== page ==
Victor’s designs of the 30s, 40s and 50s were some of the most frequently profiled by the American fashion press, right along with other top designers of the era such as Mr. John and Lilly Daché, who perhaps remain better known to us today. Victor’s quirky air raid hats, made a perfect fodder for Women’s Wear Daily, which described them as being made in a variety of materials “wether felt, straw or fabric has been fire-proofed in the firm’s workrooms. As a trimming, a small flashlight is posed at front, covered with flannel or some other durable and contrasting material, which lights easily by snapping the catch. The under-chin ties match the covering of the flashlight.” The author goes on to note the model in featured in the illustration above left is a white felt model with red red trim.
As Victor believed “style should never be sacrificed for service,” she would continue to create millinery looks with the wartime woman in mind. As fashion historian Nadine Stewart has noted in her wonderful MA thesis, Traffic Lights of Chic: American Millinery and American Style, 1937-1947, perhaps Victor’s “piece de resistance was a welder’s helmet covered in blue cloth with a red “V” for victory on the crown for the workers at General Electric. It was so successful General Electric featured it on the cover of its brochure for Arc Welding Supplies complemented with chartreuse leather work gloves. Victor apparently liked this design so much, that she later repeated it for her fashionable clients. The “Winnie the Welder” style appeared in blue and black felt in 1943.” Also this same year, a beret Victor designed for the “Army’s Cadet Nurse Corps made the cover of Harper’s Bazaar.”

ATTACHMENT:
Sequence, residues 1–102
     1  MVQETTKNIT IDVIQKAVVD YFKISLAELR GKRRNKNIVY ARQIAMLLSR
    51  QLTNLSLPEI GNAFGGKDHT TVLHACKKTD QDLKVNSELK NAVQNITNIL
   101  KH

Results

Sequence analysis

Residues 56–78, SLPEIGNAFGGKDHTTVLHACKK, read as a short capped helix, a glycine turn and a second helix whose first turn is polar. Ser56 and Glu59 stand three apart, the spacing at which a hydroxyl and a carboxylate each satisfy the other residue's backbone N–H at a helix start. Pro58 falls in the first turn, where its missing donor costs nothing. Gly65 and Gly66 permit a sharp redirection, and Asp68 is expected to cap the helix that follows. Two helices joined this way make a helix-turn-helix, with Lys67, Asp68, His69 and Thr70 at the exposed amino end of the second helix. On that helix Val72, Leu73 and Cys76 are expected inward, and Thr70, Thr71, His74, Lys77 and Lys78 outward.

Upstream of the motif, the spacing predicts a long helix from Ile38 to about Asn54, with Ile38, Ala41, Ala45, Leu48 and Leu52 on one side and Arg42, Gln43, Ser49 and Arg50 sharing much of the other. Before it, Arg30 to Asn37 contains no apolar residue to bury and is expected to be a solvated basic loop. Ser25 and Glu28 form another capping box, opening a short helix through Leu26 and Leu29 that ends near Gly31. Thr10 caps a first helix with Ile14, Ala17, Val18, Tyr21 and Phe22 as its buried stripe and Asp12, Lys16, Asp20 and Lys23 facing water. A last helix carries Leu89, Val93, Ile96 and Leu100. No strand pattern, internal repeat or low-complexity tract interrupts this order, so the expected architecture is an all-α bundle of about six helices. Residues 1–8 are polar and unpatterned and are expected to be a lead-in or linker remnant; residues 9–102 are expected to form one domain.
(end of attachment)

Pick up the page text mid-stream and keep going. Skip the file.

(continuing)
The caprices of fashion are frequently reflections of the spirit of the times, during the 1940s this meant the anxieties stemming from a world engulfed in war were frequently made manifest in the fashions of the era. Today, I write this blog post from home as we are under a different kind of siege, the siege of disease. COVID19 has us hunkered at home shunning unnecessary human contact in an effort to fight an unseen enemy, one which has already reinvented the fashion landscape. This morning Native American activist and fashion designer Korina Emmerich, of the NY-based brand Emme, announced her line of fashion face masks using Native American motifs, which she has offered as part of her line for quite some time, to be sold out for the foreseeable future as she keeps up with an explosion in demand for examples that fall in line with consumer’s fashion sensibilities (not to mention her charitable endeavor to make and donate additional masks for each one sold).
COVID19 will undoubtedly reshape our world, but if history tells us anything, one question that remains is, ‘exactly how will it refashion your closet?’ World events, social and political change and new innovations in technology have long been driving forces in the evolution of fashion, and this moment is no exception.